1. Manage IP Addresses with DHCP

Manage IP Addresses with DHCP

DHCP looks after all the IP addresses on the network and is enabled by default on most routers. To locate the OC and route the accurate network traffic, the outer uses the IP address and a numeric identifier.

If the PC or mobile device does not have an IP address, it will request for it from the network’s DHCP server. The DHCP server obtains an IP address from the available IP addresses and assigns it to the device. When the device either disconnects from the network or a specific time frame has passed, the IP address gets back to the DHCP pool.

Servers and printers must have the same IP address and don’t need to change the addresses periodically. If you are in that situation, assign a static IP address.

Follow these steps to set the DHCP scope:

  • Log in to the router’s management console and look for a heading like LAN Setup. You will see your LAN’s IP address and subnet mask, along with a section for the DHCP server.
  • Assign a range of IP addresses for the DHCP server to use.

 

  1. Work with Static IPs

Work with Static IPs

Provide a unique IP address, Gateway address, network Subnet Mask and a DNS server address to the network adapter of your device. Remember, the Gateway and DNS address is the same as the router’s IP address.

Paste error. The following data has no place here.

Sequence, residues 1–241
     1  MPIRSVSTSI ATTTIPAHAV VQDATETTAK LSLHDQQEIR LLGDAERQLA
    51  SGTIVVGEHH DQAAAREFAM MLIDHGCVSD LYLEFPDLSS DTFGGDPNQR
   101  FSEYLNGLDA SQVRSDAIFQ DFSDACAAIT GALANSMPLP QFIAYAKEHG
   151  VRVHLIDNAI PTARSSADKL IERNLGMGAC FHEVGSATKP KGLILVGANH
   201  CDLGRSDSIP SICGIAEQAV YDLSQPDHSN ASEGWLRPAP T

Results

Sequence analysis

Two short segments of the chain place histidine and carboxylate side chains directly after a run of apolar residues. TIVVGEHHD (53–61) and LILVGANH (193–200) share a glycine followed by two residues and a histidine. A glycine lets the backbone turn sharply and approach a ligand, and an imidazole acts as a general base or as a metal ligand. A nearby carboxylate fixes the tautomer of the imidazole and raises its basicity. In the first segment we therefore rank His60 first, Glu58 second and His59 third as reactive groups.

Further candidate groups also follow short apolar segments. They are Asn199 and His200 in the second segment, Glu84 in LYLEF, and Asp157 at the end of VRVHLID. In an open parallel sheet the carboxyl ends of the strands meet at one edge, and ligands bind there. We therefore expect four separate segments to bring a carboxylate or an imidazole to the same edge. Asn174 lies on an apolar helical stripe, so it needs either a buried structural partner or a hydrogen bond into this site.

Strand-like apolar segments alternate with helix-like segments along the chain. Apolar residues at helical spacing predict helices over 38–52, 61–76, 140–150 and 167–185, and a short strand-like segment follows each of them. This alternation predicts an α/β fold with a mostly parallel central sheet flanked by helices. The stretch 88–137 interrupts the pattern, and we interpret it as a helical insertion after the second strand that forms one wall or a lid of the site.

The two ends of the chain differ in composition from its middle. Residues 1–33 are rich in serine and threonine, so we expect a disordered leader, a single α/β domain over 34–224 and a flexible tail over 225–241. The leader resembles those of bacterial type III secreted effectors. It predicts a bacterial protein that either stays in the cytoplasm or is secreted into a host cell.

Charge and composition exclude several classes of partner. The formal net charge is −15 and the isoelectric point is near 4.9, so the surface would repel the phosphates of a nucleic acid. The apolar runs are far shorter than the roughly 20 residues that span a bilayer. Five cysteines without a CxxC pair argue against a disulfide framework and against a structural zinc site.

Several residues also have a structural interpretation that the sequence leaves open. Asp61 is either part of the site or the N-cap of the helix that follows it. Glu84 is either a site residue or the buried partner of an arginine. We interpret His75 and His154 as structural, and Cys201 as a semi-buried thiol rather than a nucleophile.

Keep a list of the static IP addresses that you have already assigned to make sure you don’t end up using them by mistake. Assigning a static IP address to a network adapter varies, as per the device which you are trying to configure.

 

  1. Activate the Wi-Fi

Activate the Wi-Fi

Use a PC connected to the network via an Ethernet cable. Trying to configure Wi-Fi over wireless results in loss of connection to the management console when changes to the configuration are applied.

Follow these steps:

  • In the router’s management console, locate the section titled Wireless Setup.
  • Thought the wireless network is enabled by default; turn it on if it is not. If you have a dual-band router, you will see configuration settings for 2.4GHz as well as 5GHz networks.
  • Set the Channel Auto and leave the Mode in its default setting.
  • Now comes the turn for the SSID. It is the name of your wireless network and you can name it anything you want. Don’t leave it set to the default value.
  • Set the encryption that your Wi-Fi network will use. Though there are a few choices buy go only for WPA2.
  • You will see a few WPA2 options listed but go for the one listed as WPA2-PSK [AES], as it offers highest level of wireless security.
  • Assign a Passphrase or pass code or key. It must be between 8 and 63 characters long and should be made up of upper and lowercase letters, numbers and special characters.

With this, save the configuration changes and test the connection. Your wireless devices should now be online.